Drug testing has been in the news recently and many students and athletes may question what the rules and regulations are at Dixie State.
Any athlete will face suspensions if failing a drug test.
Julia Bell quoted DSU athletic director Jason Boothe last week in an article. Visit http://www.dixiesunnews.com/ for information on other sports scandals.
“If they test positive, they are done for good,” Boothe said. “There are no second chances.”
Boothe mentioned how well the NCAA does with its tests.
“The NCAA comes in at least once a year to test for performance-enhancing drugs,” Boothe said. “But the athletic department has the ability to do random drug tests to any extent it wants.”
According to the NCAA, the penalty for positive tests of both performance-enhancing and street drugs is strict and automatic. Student-athletes lose one full year of eligibility for the first offense (25 percent of their total eligibility) and are withheld from competition for a full season.
“I will receive an email from the NCAA telling me that they will arrive within 24 hours,” Boothe said. “The email will have a list of which athletes are to be tested. I am responsible to get the athletes the next day rounded up for the test.”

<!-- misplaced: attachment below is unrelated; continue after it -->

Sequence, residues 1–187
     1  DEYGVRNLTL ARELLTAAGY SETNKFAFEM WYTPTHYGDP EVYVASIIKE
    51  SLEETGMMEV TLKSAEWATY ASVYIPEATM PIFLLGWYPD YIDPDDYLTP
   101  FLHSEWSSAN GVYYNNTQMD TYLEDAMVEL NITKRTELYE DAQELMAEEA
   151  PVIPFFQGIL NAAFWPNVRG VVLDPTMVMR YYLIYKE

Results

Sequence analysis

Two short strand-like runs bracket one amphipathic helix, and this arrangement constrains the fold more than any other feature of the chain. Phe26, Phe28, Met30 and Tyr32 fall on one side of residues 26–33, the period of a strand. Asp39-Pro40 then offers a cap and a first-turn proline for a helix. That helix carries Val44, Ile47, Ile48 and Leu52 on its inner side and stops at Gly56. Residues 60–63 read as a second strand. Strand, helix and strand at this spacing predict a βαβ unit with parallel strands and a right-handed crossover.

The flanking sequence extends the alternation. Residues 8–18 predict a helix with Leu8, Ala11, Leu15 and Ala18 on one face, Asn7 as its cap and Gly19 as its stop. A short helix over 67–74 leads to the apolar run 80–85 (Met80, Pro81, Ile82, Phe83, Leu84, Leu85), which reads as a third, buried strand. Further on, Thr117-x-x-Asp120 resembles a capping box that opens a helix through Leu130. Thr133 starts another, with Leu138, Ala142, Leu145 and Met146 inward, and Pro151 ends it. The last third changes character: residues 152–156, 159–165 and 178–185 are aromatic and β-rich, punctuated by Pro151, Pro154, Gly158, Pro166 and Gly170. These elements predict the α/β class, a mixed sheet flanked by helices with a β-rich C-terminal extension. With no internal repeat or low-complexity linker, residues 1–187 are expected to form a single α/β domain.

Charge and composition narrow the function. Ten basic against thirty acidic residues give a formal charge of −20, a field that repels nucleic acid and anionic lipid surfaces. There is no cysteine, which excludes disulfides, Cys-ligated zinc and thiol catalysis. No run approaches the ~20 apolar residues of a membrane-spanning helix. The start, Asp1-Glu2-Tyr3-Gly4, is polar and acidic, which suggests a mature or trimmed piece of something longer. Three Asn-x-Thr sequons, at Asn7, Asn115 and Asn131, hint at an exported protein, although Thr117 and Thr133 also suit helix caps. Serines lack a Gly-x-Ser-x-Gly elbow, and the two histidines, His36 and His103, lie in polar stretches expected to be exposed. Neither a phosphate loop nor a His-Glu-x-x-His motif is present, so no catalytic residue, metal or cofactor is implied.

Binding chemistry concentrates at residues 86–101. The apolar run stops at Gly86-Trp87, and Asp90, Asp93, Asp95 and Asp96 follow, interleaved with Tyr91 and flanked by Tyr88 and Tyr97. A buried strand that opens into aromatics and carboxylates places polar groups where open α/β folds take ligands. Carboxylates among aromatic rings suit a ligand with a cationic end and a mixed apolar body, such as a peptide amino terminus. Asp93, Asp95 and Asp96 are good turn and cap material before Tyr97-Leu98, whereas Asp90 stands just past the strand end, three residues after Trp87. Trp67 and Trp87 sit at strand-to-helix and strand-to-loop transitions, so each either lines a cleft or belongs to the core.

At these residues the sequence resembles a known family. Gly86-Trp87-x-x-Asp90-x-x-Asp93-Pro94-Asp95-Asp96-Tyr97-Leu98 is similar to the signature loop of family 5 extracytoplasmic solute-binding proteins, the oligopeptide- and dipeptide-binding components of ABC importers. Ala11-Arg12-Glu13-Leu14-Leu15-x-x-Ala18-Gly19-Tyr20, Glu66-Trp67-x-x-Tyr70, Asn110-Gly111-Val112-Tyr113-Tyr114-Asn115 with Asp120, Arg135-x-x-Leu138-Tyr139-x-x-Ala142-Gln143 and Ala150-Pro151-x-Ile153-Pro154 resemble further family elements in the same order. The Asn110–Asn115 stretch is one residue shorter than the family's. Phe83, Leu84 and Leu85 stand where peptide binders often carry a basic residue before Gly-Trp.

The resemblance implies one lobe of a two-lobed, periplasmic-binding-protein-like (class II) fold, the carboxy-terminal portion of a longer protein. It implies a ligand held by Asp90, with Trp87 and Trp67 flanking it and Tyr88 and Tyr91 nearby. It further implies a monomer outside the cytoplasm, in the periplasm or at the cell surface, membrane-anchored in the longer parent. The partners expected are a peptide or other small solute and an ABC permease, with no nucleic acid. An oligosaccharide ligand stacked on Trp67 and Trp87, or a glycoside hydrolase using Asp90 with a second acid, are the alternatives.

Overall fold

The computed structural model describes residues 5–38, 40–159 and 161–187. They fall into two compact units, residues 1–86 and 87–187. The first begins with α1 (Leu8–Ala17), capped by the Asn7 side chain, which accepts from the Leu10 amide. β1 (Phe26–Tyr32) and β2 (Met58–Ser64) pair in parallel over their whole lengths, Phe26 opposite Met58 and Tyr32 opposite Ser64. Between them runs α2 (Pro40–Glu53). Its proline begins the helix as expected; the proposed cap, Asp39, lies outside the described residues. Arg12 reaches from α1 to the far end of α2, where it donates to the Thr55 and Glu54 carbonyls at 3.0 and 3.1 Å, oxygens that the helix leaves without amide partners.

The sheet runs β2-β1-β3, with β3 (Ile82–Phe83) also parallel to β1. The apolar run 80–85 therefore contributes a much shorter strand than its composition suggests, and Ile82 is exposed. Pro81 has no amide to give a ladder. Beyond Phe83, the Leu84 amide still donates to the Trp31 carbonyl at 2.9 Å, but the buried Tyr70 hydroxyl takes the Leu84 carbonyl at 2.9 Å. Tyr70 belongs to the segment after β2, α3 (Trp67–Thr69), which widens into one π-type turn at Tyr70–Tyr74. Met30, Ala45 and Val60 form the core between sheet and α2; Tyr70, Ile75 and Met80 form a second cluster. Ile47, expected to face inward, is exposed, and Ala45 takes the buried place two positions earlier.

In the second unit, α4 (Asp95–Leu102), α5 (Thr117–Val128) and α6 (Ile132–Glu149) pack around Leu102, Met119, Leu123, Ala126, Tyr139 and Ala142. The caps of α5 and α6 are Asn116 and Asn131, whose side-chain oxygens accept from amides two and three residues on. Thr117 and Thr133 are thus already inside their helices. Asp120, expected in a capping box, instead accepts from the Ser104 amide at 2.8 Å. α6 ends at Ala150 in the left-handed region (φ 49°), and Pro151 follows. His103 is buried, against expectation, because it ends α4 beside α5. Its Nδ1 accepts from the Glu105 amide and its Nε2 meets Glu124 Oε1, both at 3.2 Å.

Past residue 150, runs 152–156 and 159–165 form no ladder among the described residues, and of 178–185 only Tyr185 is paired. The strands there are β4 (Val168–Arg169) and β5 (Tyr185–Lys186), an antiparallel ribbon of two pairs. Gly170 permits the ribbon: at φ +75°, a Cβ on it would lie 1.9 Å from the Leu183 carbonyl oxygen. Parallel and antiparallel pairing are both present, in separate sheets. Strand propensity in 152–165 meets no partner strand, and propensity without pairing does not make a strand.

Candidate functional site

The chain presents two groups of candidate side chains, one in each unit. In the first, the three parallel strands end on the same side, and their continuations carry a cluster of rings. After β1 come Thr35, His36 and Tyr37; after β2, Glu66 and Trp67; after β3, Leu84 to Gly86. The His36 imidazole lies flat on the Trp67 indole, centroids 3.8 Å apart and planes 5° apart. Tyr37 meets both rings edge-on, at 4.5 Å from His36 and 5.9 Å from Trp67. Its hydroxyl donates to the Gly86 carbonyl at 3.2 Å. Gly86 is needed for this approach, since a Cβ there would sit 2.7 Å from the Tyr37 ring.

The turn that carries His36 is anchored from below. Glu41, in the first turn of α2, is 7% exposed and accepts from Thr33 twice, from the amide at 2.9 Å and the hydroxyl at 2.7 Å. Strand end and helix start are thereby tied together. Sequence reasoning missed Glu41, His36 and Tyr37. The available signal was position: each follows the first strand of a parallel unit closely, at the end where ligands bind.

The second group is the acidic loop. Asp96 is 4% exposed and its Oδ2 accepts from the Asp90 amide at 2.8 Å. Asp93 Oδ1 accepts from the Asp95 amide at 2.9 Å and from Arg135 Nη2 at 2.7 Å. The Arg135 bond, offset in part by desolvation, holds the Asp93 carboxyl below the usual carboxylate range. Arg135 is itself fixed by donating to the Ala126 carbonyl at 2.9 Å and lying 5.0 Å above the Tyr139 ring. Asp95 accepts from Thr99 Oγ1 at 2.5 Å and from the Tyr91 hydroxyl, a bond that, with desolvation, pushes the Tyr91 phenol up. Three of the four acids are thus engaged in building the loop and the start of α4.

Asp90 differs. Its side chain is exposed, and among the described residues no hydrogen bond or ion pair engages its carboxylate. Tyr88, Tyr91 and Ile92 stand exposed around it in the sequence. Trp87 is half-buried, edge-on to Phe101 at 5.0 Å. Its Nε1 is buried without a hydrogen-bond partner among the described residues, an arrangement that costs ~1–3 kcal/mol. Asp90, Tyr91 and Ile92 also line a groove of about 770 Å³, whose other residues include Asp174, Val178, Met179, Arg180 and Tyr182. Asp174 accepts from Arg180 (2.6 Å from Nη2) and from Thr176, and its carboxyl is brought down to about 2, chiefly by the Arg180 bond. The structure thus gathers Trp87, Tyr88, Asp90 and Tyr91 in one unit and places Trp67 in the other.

A second positive test for street drugs results in another lost year of eligibility and a season withheld from competition. A second positive result for PED usage will render the student-athlete permanently ineligible.
Boothe said it is rare that there are any problems at Dixie State. He also said DSU doesn’t do many tests because he feels the NCAA covers it well.
No college athlete is exempt from the consequences that follow if he or she fails a drug test.
The University of Utah head football coach Kyle Whittingham suspended a starting player for three games in 2012 after he failed a team drug test. The player wasn’t suspended for the entire year because it was not issued by the NCAA or the university.
According to USA today at http://www.usatoday.com/, Ole Miss basketball star Marshall Henderson was suspended indefinitely in July for failing of a drug test. Reports say it was street drugs that caused the suspension.
“There’s too many athletes for the NCAA to catch all the cheaters,” said Ross Decker, assistant cross country coach. “But they shouldn’t have to. The coaches should know their athletes well enough to know if they are taking drugs and should discipline them.”